1. Neuroscience
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Instantaneous movement-unrelated midbrain activity modifies ongoing eye movements

  1. Antimo Buonocore  Is a corresponding author
  2. Xiaoguang Tian
  3. Fatemeh Khademi
  4. Ziad M Hafed
  1. Tübingen University, Germany
Research Article
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Cite this article as: eLife 2021;10:e64150 doi: 10.7554/eLife.64150

Abstract

At any moment in time, new information is sampled from the environment and interacts with ongoing brain state. Often, such interaction takes place within individual circuits that are capable of both mediating the internally ongoing plan as well as representing exogenous sensory events. Here we investigated how sensory-driven neural activity can be integrated, very often in the same neuron types, into ongoing saccade motor commands. Despite the ballistic nature of saccades, visually-induced action potentials in the rhesus macaque superior colliculus (SC), a structure known to drive eye movements, not only occurred intra-saccadically, but they were also associated with highly predictable modifications of ongoing eye movements. Such predictable modifications reflected a simultaneity of movement-related discharge at one SC site and visually-induced activity at another. Our results suggest instantaneous readout of the SC during movement generation, irrespective of activity source, and they explain a significant component of kinematic variability of motor outputs.

Data availability

All data generated or analysed during this study are included in the manuscript and supporting files. Source data files have been provided for all figures.

Article and author information

Author details

  1. Antimo Buonocore

    Werner Reichardt Centre for Integrative Neuroscience, Tübingen University, Tübingen, Germany
    For correspondence
    antimo.buonocore@cin.uni-tuebingen.de
    Competing interests
    The authors declare that no competing interests exist.
    ORCID icon "This ORCID iD identifies the author of this article:" 0000-0003-3917-510X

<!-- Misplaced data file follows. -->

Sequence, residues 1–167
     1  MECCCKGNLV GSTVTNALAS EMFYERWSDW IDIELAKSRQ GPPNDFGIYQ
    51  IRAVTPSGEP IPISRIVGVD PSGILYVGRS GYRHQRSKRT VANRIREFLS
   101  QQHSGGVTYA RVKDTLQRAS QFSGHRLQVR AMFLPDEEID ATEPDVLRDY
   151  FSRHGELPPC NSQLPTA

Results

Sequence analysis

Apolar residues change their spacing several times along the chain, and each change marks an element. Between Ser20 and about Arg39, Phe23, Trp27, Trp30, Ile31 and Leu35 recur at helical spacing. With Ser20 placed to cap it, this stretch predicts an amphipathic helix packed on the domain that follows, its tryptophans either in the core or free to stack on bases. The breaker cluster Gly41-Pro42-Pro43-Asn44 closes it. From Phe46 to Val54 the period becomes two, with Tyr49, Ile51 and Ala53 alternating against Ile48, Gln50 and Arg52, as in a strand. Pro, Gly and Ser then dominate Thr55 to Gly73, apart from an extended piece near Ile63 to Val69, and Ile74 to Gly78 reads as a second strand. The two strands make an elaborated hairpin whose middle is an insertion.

2. Xiaoguang Tian

    Werner Reichardt Centre for Integrative Neuroscience, Tübingen University, Tübingen, Germany
    Competing interests
    The authors declare that no competing interests exist.
  3. Fatemeh Khademi

    Werner Reichardt Centre for Integrative Neuroscience, Tübingen University, Tübingen, Germany
    Competing interests
    The authors declare that no competing interests exist.
  4. Ziad M Hafed

    Werner Reichardt Centre for Integrative Neuroscience, Tübingen University, Tübingen, Germany
    Competing interests
    The authors declare that no competing interests exist.
    ORCID icon "This ORCID iD identifies the author of this article:" 0000-0001-9968-119X

Funding

Deutsche Forschungsgemeinschaft (FOR1847 (project A6: HA6749/2-1))

  • Antimo Buonocore
  • Ziad M Hafed

Deutsche Forschungsgemeinschaft (DFG EXC307)

  • Antimo Buonocore
  • Ziad M Hafed

Deutsche Forschungsgemeinschaft (SFB1233; TP 11; project number 276693517)

  • Fatemeh Khademi
  • Ziad M Hafed

The funders had no role in study design, data collection and interpretation, or the decision to submit the work for publication.

Ethics

Animal experimentation: The experiments were approved (licenses: CIN3/13; CIN4/19G) by ethics committees at the regional governmental offices of the city of Tuebingen and were in accordance with European Union guidelines on animal research and the associated implementations of these guidelines in German law.

Reviewing Editor

  1. Martin Vinck, Ernst Strüngmann Institute (ESI) for Neuroscience in Cooperation with Max Planck Society, Germany

Publication history

  1. Received: October 19, 2020
  2. Accepted: May 5, 2021
  3. Accepted Manuscript published: May 6, 2021 (version 1)
  4. Version of Record published: May 24, 2021 (version 2)

Copyright

© 2021, Buonocore et al.

This article is distributed under the terms of the Creative Commons Attribution License permitting unrestricted use and redistribution provided that the original author and source are credited.

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